Fredensborg includes portions of estates 13-14-17-18 in St. Croix’s King’s Quarter. Based on appearances on historic maps, the windmill was likely built in the 1760s. The windmill was blocked to store water after decommissioning. The windmill is in good condition.
The 1750 map does not indicate cultivation in estates 13, 14, or 18. However, this map depicts sugar cultivation along with a settlement including an animal mill in estate 17. Neither of the Beck printings nor any of the annotated Beck maps or manuscript copies include a sugar manufacturing icon in estate 13. However, what became estate Fredensborg likely involves the property in the northeast quadrant of estate 17.
The first Beck printing included an animal mill in estate 17. This icon was changed on the second printing to a windmill in estate 17, an icon not changed on the annotated copies of Beck based on the 2nd printing. The 1766 annotated Beck map added sails to the animal mill in estate 17. The c.1770 annotated map added a windmill in estate 18, south of the Fredensborg mill current location. The c.1767 manuscript copy of Beck does not include any sugar manufacturing icons in any of the estates that became Fredensborg.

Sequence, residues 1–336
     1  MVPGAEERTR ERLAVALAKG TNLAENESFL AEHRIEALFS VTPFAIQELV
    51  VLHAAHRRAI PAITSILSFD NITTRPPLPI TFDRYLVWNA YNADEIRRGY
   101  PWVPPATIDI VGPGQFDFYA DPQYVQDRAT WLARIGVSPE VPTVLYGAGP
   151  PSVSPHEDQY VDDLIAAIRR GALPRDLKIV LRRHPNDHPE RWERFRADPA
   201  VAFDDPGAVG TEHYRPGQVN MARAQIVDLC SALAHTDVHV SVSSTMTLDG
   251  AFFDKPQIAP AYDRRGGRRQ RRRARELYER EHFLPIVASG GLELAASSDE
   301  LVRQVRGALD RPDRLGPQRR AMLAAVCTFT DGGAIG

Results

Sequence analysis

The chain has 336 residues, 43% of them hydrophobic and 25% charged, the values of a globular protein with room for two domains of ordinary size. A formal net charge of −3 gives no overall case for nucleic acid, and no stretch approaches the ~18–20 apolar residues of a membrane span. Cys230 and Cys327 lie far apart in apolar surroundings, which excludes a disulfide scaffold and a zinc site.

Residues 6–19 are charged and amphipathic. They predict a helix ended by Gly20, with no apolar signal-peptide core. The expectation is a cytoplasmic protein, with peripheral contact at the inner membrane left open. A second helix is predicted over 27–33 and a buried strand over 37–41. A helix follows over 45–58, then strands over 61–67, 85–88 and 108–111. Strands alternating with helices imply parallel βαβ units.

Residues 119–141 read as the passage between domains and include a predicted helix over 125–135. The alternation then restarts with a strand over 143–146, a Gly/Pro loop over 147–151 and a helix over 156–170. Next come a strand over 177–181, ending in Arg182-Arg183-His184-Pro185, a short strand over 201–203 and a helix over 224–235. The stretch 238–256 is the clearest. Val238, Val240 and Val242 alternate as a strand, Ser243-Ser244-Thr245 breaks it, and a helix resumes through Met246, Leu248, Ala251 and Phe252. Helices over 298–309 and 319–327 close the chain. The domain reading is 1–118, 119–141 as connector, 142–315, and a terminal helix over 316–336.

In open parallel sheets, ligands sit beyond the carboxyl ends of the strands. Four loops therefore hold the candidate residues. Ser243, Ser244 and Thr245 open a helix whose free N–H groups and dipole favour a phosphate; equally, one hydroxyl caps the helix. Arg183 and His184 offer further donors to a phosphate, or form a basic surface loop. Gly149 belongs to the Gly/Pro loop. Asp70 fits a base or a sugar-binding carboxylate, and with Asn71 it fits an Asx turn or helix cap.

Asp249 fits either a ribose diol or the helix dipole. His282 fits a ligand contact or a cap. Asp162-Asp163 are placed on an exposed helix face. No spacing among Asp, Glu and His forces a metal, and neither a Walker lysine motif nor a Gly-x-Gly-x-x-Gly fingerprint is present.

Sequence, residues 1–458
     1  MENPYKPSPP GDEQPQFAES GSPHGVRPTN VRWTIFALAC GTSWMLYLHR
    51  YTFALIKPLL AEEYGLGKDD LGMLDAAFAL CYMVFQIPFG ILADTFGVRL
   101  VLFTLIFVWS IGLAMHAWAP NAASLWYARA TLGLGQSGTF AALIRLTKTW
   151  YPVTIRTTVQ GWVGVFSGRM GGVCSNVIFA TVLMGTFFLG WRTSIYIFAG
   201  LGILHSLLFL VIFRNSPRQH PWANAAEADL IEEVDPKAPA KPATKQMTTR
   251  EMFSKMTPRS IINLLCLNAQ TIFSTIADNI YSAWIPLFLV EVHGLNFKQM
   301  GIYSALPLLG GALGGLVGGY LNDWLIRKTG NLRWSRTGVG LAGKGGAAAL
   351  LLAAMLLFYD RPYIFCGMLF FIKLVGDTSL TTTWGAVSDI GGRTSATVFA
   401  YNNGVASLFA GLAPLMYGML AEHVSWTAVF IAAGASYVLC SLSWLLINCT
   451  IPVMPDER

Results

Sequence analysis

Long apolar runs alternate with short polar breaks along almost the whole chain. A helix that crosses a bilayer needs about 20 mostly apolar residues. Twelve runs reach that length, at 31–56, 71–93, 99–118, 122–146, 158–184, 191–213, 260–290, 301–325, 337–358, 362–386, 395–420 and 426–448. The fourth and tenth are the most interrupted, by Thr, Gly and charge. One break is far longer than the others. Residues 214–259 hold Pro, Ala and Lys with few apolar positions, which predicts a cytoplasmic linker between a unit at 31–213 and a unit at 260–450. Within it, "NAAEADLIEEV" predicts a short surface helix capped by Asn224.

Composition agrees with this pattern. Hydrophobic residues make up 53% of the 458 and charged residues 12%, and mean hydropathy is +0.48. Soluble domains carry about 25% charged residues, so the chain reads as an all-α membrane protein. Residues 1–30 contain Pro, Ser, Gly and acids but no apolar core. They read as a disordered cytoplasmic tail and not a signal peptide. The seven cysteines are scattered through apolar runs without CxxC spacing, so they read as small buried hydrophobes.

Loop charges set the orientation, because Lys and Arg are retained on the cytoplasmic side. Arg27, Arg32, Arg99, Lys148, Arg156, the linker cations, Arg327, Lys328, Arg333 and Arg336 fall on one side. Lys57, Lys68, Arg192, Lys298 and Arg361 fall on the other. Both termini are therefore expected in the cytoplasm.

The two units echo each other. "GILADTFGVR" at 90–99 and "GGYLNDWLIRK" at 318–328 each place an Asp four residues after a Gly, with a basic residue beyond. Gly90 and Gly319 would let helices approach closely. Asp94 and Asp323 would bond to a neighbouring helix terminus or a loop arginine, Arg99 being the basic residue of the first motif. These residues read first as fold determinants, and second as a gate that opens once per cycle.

The 1799 Oxholm map incudes an animal mill in the center of the portion of estate 13 incorporated into Fredensborg. The 1856 Parsons map depicts a windmill at Fredensborg.
All the 20th century topographic maps include ruins identifiable as windmills. The 1921 topographic sheet provides an elevation of the mill at 144 feet.
The 1750 map attributes ownership to Johannes Soeboeker for estate 13. The 1758 map includes estate 17 among those that attribute ownership to Parcel reserved for and worked by His Majesty. The annotated Beck maps and manuscript copies all attribute ownership to Martin Heyliger from 1766 through 1791.
McGuire geographic dictionary of the Virgin Islands (p.79) notes the name Fredensborg translates to Citadel of Peace.